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Gloria Naylor's writing reflects the breadth of the African-American experience. Raised in Harlem, she was an avid reader who could not afford to buy books, but spent as much time as possible in the public library.
Writer Gloria Naylor explores the diversity African-American life. Each of her books depicts a different class setting. She discusses traditional roles for females and the ability of some women to define themselves from within.
Gloria Naylor became one of the first black women writers to have formally studied her literary predecessors. Naylor's books argue that race remains the decisive factor rendering most African Americans powerless.
Gloria Naylor's parents believed they could educate their children and give them a sense worth and work ethic. They wanted their children to release restrictions place on them because of their race. Excerpt from "The Women of Brewster Place."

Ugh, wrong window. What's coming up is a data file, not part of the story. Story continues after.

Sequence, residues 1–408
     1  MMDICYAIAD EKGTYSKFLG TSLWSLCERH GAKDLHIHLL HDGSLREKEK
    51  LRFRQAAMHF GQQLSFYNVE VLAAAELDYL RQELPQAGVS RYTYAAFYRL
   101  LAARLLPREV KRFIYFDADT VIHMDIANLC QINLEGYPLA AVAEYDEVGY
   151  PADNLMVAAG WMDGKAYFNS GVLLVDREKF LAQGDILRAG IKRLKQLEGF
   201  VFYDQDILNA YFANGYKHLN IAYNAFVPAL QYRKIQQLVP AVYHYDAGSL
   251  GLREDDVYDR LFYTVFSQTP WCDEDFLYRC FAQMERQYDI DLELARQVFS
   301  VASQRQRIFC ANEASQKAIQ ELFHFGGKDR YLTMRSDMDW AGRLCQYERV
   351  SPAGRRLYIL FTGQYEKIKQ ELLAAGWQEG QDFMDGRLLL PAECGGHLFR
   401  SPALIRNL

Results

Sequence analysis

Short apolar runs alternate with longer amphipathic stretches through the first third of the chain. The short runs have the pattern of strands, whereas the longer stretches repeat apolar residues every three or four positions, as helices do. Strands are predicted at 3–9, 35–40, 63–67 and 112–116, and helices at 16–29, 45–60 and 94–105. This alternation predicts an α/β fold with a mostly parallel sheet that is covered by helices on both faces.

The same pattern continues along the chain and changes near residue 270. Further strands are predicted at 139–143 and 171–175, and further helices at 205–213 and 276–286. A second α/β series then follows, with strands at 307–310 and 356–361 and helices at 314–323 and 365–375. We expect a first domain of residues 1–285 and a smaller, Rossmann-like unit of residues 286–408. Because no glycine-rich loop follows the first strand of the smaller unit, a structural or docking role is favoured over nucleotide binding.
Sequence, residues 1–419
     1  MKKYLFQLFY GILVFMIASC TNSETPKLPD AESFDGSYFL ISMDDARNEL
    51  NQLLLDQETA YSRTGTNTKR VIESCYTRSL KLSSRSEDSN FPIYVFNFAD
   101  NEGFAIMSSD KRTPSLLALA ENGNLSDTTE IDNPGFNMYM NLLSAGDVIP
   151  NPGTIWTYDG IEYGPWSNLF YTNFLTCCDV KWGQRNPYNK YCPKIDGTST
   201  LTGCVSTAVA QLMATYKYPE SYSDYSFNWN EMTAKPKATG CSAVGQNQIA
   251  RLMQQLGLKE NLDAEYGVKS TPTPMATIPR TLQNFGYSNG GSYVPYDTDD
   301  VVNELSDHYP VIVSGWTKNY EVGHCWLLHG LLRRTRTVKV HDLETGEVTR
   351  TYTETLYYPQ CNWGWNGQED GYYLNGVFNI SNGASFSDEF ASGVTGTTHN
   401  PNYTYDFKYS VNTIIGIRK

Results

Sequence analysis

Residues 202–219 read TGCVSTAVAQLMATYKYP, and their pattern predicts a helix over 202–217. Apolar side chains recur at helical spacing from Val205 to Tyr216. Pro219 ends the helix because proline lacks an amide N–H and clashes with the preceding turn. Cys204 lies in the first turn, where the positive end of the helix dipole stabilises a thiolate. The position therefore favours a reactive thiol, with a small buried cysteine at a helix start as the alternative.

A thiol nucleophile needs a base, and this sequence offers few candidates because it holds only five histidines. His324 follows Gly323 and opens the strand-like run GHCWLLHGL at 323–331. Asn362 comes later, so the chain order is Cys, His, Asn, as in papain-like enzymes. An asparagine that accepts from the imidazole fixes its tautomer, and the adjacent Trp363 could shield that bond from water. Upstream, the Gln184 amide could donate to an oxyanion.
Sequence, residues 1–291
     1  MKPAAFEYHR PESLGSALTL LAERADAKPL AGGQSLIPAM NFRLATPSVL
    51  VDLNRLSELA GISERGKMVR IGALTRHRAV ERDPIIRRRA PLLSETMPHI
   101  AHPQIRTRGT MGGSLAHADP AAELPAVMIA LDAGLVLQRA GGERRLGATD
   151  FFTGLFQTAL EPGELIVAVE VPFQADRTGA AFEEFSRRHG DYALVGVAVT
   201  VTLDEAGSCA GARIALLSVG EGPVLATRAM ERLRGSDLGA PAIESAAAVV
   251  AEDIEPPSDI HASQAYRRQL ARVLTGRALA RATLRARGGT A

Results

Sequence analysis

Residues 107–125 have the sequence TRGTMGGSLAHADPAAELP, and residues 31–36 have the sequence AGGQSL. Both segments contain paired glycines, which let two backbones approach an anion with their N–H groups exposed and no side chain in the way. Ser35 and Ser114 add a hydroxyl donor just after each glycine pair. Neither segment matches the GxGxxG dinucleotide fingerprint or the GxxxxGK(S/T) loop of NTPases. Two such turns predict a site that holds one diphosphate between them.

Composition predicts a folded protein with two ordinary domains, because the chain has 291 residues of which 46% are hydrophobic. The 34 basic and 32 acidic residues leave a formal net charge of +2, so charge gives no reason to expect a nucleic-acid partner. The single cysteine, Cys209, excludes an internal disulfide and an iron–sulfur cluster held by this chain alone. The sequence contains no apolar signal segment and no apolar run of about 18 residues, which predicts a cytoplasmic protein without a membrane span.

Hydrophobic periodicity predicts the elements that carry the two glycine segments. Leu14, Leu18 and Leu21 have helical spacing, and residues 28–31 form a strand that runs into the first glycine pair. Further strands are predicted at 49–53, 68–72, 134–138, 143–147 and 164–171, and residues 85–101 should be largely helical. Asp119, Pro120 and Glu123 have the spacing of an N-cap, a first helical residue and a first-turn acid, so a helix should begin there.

Gloria Naylor's books always return to a common African-American experience, a uniqueness given literary expression in the African-American language. Naylor discusses the qualities of this language and relates it to "the Blues."
Gloria Naylor's third novel, "Mama Day," draws on Shakespeare's "The Tempest." Naylor asserts that over 99% of her writing is genderless and race-less. The writer is currently working on a screenplay of one of her novels.
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In this program, one of the most astute observers of contemporary African American life discusses the value and difficulty of maintaining an African American identity in a world dominated by whites, urging viewers "to celebrate voraciously that which is yours." The breadth of her visionfrom rural South to urban ghetto to the black middle classis revealed as she reads from The Women of Brewster Place, Linden Hills, and Mama Day, in the last of these calling upon an urbanized boy to look to his African American past for strength. (22 minutes)
Length: 23 minutes
Copyright date: ©1992
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